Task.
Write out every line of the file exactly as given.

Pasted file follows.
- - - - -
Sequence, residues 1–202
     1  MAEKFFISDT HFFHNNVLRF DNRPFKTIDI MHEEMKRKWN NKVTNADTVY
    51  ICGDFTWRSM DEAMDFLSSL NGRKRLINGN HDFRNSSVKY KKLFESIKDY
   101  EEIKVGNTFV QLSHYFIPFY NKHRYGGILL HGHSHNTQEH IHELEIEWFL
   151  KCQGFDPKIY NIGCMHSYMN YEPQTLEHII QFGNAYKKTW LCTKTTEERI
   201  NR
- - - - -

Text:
Sequence, residues 1–202
     1  MAEKFFISDT HFFHNNVLRF DNRPFKTIDI MHEEMKRKWN NKVTNADTVY
    51  ICGDFTWRSM DEAMDFLSSL NGRKRLINGN HDFRNSSVKY KKLFESIKDY
   101  EEIKVGNTFV QLSHYFIPFY NKHRYGGILL HGHSHNTQEH IHELEIEWFL
   151  KCQGFDPKIY NIGCMHSYMN YEPQTLEHII QFGNAYKKTW LCTKTTEERI
   201  NR